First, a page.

Civil Engineering and Geosciences
Building affordable homes using local biowaste materials
People in rural India traditionally live in so-called ‘mud houses’, houses made of a blend of clay, sand and silt. This material is not water-resistant, and over time, rain causes the walls to crumble. Residents have to replaster their walls after each rainy season. There is currently no affordable alternative. However, with his TU Delft Global Research Fellowship, civil engineer Kulshreshtha hopes to see this change.
The Wadden Mud Motor project: making nature do the work
The tidal flats of the Wadden is where land and water meet. This natural environment has become familiar territory for researcher Bram van Prooijen and PhD Irene Colosimo, who both work at TU Delft’s department of Hydraulic Engineering. It’s where they are carrying out the Mud Motor project hoping it will provide them with the answer to a vital question: how to make nature work for us in such a way as to preserve the Wadden coast in a sustainable way.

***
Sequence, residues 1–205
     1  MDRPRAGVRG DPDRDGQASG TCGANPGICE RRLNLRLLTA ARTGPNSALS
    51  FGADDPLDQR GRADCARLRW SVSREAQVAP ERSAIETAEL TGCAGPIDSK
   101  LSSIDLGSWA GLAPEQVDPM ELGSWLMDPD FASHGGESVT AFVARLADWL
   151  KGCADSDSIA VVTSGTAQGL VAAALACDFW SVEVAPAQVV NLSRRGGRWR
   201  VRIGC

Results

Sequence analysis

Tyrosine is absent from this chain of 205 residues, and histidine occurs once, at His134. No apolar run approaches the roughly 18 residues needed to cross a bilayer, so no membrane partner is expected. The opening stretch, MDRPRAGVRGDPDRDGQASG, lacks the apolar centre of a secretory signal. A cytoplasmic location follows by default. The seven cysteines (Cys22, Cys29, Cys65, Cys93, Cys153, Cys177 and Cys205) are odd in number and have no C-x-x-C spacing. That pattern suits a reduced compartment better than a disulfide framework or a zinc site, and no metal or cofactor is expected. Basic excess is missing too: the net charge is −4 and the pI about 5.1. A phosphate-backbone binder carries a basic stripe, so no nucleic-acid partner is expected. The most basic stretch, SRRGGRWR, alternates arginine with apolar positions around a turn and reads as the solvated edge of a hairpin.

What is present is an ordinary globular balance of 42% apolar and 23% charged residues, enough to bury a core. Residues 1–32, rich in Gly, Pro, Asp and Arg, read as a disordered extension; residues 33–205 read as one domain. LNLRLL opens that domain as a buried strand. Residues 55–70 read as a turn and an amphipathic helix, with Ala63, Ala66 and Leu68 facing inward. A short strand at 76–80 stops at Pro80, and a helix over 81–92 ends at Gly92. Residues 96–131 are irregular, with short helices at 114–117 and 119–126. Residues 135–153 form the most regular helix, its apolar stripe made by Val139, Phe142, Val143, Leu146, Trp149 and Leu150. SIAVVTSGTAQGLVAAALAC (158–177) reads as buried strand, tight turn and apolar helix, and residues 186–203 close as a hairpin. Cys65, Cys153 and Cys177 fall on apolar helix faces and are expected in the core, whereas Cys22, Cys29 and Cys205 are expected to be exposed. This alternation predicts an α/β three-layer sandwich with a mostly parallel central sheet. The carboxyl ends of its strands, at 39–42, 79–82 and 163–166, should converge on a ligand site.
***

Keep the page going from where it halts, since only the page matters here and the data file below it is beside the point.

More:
Hot topic: Green Roofs
Green roofs are hot! Roofs completely covered in plants are becoming a familiar sight in our cities. After all, what’s not to like? They offer a home to birds and insects, and because the plants hold on to moisture they cool down the city in summer. And, as an added bonus, it’s clear for everyone to see you’re doing your bit for the environment.
Leapfrogging towards sustainable palm oil
With palm oil being the most widely used vegetable oil in the world, the industry is likely to stay with us for the foreseeable future, despite its controversial reputation of pollution, deforestation and ignoring the needs of local communities. “The palm oil industry is only expanding, so doing nothing is not going to solve the problem,” says Dr Ralph Lindeboom of the department of Sanitary Engineering.